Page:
Oil And Gas Sector Outlook For 2018
Around the end of each year, I reflect on the year in energy and make projections about the year ahead. These articles review the year’s top energy stories. I also grade the energy predictions I made the previous January.
But I like to lead off this series with some projections about where I think the energy sector is headed in the year ahead. I will use these projections to finalize my annual energy predictions in early January.
Today I will discuss the outlook for the oil and gas sector.
The Bear Becomes a Bull
The first half of 2017 was a continuation of the energy bear market that started three years ago. But a strong recovery began in the second half of 2017. The recovery was driven by a steady decline in global crude oil inventories. That decline helped push the price of benchmark crudes from about $45 per barrel in late June to over $60 in November.
OPEC will have the largest influence on oil prices in 2018. The group recently committed to maintaining production cuts through 2018. If they follow through with that oil prices should move steadily higher as inventories continue to fall.
Along with the price recovery, U.S. oil production grew sharply in 2017 and continues to show momentum into the end of the year. Next year will likely see the previous all-time production record in the U.S. broken.
The biggest winners of an oil price recovery will be oil producers and oilfield services companies. Many oil producers have seen their share prices rise 15%-30% from the August lows.
Some upstream support services, like producers of sand used in hydraulic fracturing, have seen even bigger gains. Smart Sand (NASDAQ: SND), for instance, has risen by 70% since mid-August. Expect those gains to continue into 2018.
Natural gas producers may not fare as well, even though demand growth remains robust. Natural gas exports are surging. Consumption in the chemical sector continues to grow. Utilities are shifting away from coal and toward natural gas plants.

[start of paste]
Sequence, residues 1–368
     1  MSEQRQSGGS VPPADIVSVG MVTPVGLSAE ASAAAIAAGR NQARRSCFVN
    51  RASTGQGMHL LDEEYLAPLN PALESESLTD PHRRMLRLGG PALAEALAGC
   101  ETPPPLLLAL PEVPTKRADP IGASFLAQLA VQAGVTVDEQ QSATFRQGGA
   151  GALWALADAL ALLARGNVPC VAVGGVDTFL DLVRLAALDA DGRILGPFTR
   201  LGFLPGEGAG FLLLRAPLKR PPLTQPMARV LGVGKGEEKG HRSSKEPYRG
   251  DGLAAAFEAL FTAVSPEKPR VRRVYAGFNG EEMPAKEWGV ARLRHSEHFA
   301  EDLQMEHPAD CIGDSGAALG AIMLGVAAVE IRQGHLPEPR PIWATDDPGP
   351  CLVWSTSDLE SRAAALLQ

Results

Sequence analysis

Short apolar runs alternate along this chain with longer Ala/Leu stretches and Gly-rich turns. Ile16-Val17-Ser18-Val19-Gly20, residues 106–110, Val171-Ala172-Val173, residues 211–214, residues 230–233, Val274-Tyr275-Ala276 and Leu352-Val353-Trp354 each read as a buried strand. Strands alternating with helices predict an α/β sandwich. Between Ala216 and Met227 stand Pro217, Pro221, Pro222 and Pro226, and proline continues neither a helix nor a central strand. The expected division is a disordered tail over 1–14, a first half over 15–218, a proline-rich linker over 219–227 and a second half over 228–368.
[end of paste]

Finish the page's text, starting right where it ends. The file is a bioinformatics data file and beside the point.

However, natural gas production growth has kept pace, which has kept prices in check. Continued growth in U.S. oil production also brings with it associated natural gas, and that is expected to further boost supplies next year.
Thus, unless the winter is unusually cold, the surge of oil production I expect next year should help keep natural gas prices in check. I don’t expect natural gas companies to do poorly, but they are less likely to lead the sector.
Midstream Should Catch Up As Refiners Roll
The midstream sector has lagged the oil price rally. While many oil companies enjoyed double-digit gains since August, the major midstream sector indices have declined. This disconnect can’t persist, as the outlook for the sector has improved with the increase in oil prices. Midstream is probably the most undervalued sector in oil and gas at present.
The refining sector has been in a bull market throughout the broader energy bear market of the past three years. Low oil and natural gas prices are conducive to higher refining margins. As oil companies shed 30% or more of their value since mid-2014, major refiners saw gains of 50%-70%.
If the current tax proposals pass, refiners should benefit. There is also a possibility of changes to the Renewable Fuel Standard, which costs refiners billions of dollars each year. Refiners should make further gains in 2018, but potential tax reforms could make the sector soar.
There are numerous potential winners in the oil and gas sector for 2018. Growth investors should focus on oil producers and refiners, while aggressive investors should look to the smaller oil producers and oilfield services companies.
Conservative investors will find a lot of value in the midstream sector. Given the improving outlook across the oil sector, integrated oil companies that encompass production, transportation, and refining should also fare well in 2018.